Sturgeon: Teenagers in Scotland to be offered vaccination if experts approve

The Scottish Government is drawing up plans to vaccinate children aged between 12 and 15, Nicola Sturgeon has said, with ministers now waiting on expert approval before starting to give the jags to youngsters.

The First Minister pledged to move as “quickly as practically possible” if the Joint Committee on Vaccination and Immunisation (JCVI) gives the go-ahead for immunising children in this age group.

But she could not commit to calls from Scottish Labour leader Anas Sarwar for all adults aged 40 and above to have been given both doses of the Covid-19 vaccine – and for younger adults to have had at least their first jag – by the end of June.

Mr Sarwar called on the First Minister to “commit to an ambitious target of double dosing everyone over 40, and at least one dose for everyone over 18,” by June 28 – the next date when restrictions in Scotland could be eased.

A decision on the next phase of easing will be made on June 21, Ms Sturgeon confirmed.

But pressed by Mr Sarwar on the need to “accelerate the response” to coronavirus, the First Minister said vaccinations were being done “as quickly as our supplies allow”.

She said: “I would love us to be doing more, but the constraining factor is the supply.”

Her comments came as she revealed the Scottish Government was “already doing the planning to extend the vaccination programme to children over 12, should the JCVI recommend that”.

Six months on from the very first vaccine doses being given, the First Minister told MSPs that extending the programme to children could give them greater protection and further reduce community transmission of Covid-19.

Last week, the Medicines and Healthcare products Regulatory Agency approved the Pfizer/BioNTech vaccine for young people aged 12 to 15.

But officials are yet to decide whether children will be included in the vaccination programme.

Nicola Sturgeon
Nicola Sturgeon made the announcement in the Scottish Parliament (Andy Buchanan/PA)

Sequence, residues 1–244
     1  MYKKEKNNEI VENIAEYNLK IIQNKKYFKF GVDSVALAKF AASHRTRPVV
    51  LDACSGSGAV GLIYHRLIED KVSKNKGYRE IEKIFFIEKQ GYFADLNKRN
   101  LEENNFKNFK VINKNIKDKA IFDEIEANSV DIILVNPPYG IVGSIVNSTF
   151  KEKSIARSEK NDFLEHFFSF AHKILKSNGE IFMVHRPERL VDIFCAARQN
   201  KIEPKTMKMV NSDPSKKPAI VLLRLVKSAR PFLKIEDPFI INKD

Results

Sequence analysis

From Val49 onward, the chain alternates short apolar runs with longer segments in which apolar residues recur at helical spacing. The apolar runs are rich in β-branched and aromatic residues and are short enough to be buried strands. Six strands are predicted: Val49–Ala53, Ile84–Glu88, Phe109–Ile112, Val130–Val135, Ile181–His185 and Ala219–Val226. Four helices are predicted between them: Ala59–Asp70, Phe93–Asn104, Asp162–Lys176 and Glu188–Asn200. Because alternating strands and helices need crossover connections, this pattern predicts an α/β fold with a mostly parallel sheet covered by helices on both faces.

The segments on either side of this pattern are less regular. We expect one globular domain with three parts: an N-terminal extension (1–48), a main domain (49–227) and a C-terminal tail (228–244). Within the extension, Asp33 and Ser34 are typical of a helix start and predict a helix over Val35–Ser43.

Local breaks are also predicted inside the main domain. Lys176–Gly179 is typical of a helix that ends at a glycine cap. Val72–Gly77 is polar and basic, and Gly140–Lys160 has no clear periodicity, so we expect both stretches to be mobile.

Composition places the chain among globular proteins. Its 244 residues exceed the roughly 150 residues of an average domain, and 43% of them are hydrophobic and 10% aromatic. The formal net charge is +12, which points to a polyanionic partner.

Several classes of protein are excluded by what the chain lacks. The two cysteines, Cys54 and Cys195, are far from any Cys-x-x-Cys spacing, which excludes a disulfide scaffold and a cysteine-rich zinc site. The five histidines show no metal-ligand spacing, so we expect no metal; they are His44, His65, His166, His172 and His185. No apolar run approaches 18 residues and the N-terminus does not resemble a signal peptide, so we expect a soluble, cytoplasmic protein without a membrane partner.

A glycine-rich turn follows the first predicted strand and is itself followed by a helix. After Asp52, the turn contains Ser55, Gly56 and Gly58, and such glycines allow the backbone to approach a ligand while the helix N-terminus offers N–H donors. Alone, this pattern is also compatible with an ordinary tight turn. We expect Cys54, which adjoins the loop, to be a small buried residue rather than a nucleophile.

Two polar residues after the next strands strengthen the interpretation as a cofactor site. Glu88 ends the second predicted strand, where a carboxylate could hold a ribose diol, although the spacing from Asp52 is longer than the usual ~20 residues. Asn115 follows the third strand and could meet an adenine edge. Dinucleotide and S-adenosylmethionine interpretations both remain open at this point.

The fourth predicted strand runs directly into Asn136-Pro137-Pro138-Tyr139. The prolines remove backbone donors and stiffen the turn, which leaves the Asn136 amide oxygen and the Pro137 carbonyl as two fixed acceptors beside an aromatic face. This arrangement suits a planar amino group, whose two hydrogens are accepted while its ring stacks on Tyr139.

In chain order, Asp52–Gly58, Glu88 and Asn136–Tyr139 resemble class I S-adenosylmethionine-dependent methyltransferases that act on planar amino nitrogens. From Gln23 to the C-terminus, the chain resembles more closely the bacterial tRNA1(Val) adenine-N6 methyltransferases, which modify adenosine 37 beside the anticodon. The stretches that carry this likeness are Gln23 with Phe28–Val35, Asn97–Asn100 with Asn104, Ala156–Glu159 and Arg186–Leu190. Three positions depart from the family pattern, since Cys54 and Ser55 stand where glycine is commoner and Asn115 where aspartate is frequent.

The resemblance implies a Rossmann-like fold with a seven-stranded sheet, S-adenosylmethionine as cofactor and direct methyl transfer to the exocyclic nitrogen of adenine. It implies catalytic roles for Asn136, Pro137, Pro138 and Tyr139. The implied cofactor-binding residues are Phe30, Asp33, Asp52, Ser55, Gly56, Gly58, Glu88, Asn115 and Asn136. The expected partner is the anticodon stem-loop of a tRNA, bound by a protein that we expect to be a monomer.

Ms Sturgeon said: “The Scottish Government is now awaiting advice from the Joint Committee on Vaccination and Immunisation on the vaccination of children in those age groups.

“I’m sure everyone would agree that it is vital that we continue to rely on expert advice in all of our vaccination decisions.

“However, vaccination may very well be a really important way of giving children greater protection, minimising any further disruption to schooling, and also further reducing community transmission of the virus.

“And so I can confirm that if the JCVI does recommend the use of the vaccine for children aged 12 and over, we will move as quickly as practically possible to implement their advice.

“For the moment, however, we continue to focus on vaccinating all adults as quickly as possible.”

Speaking six months after the first coronavirus vaccine was administered in Scotland, she said the progress has been “remarkable”.

Scottish Conservative leader Douglas Ross said that vaccination was the “route out of both restrictions and this pandemic”.

He added that he hoped “swift progress” could be made vaccinating children aged 12 to 15 “so that young people’s education is not disrupted any longer”.

The latest figures show Scotland recorded 695 coronavirus cases in the past 24 hours, but no deaths, meaning the death toll under the daily measure remains at 7,677.

Almost exactly three quarters of the adult population in Scotland have now received a first dose of the vaccine and more than half two doses.

The First Minister said coronavirus cases are rising, with an increase of around 50% in the last week, and there would be no immediate changes to coronavirus restrictions in Scotland.

But she said the vaccination programme may be reducing the proportion of people who require hospital treatment.

She said: “So in summary our position is still fragile. Case numbers are higher than we would like. The virus does still cause serious health harm. And, of course, it still has the potential to put pressure on our health service.

“That is why we must continue to assess the data carefully, as we make decisions about whether and when to ease restrictions further.

“But on the upside – and I want to stress I think it is a very significant upside – the vaccines do appear to be doing their jobs, and that should give us all firm grounds for optimism.”